Artist Spotlight: Jessica Earley

Jessica Earley paints with a broad palette. The thirty-something emerged into Orlando’s art scene in 2008 through puppetry and parade with the arts and music production group, Bread and Circuses. As if for a lark, Earley threw a solo parade commemorating her 10,000 days living with 10,000 steps. She walked the five-mile course mostly alone–though the public was invited–while airing relevant songs and recordings from her journal. Effusing a tongue-in-cheek sense of humor, this cortège in reverse served to celebrate her life while also underscoring an essential sprightliness.

More than Meets the Eye, embroidery on fabric, framed. Photo by Mariana Mora

More than Meets the Eye, embroidery on fabric, framed. Photo by Mariana Mora

A wellspring of Earley’s drawings and paintings has continuously bubbled up over the years, processing women’s issues. These evolving collections are seasoned with subtitles, and are unafraid of slippery wordplay, through which she plays up clever tangents grazing innuendo, raw emotion, and seductive insight to caption her deeply feminine imagery. She explains, “I was consumed by these feelings about wanting to become a mother, so I’m assuming it was hormonal, and I wanted to express it through my art because there’s a catharsis to that.”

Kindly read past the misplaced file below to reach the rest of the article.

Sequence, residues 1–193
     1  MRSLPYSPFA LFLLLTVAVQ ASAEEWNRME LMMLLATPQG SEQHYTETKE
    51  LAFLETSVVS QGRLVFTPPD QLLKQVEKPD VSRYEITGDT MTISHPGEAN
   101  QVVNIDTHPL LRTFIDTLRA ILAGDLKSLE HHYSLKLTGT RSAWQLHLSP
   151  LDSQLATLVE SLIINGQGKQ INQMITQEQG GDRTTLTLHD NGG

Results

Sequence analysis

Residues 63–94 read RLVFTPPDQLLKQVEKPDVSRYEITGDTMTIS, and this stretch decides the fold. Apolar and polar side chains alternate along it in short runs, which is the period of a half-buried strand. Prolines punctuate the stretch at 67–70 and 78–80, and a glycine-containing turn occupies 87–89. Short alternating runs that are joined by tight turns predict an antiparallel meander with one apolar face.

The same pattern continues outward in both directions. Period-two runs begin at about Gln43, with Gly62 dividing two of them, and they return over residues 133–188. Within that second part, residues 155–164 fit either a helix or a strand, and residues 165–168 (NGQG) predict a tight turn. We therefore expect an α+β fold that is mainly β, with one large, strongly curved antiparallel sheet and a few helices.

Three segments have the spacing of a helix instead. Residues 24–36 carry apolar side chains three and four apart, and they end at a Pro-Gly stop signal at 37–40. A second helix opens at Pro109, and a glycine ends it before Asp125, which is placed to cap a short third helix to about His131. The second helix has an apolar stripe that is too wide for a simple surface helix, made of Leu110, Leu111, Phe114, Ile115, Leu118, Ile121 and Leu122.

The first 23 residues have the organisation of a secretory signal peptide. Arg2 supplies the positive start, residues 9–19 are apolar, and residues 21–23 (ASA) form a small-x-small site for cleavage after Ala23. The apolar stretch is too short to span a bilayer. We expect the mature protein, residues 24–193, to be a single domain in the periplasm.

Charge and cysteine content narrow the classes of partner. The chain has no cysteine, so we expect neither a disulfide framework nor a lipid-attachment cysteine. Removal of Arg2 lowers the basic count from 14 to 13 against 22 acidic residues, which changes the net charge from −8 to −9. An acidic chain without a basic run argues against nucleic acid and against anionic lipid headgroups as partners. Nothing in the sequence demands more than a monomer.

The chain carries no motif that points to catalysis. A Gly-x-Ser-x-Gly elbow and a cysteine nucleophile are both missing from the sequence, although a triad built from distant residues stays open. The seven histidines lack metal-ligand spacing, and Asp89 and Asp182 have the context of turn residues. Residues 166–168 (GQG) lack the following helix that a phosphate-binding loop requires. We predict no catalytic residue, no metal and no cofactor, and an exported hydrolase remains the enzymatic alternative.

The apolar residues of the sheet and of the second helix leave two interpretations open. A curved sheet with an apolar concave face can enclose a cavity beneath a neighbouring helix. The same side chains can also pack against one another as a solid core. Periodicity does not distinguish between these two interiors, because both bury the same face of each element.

Generously peppered among her steady material output, Earley has created a number of video art pieces using digital media and Super 8 film. “I used to try to capture little moments–everyday things that come across as special or significant to me,” she said of her enchantingly ambient and moody videos, which are viewable in her collection under the username “Bunnihop” on YouTube.

She considers her most ambitious piece yet to be “Hyper-bolic”, a 45-minute long spot of performance art she put on at The Venue a couple years ago. “It was in response to a breakup that completely destroyed me. When I was going through it all, everybody said I’d make such great art from it, and it sucked to hear at the time, but they were right, and I feel really proud of it… It was hard for me because of social anxiety, and I got teary [in the midst] because it was so difficult to do and so personal.”

This radiant star in our local art scene projects herself in the not so distant future making more video which fuses puppetry and performance.


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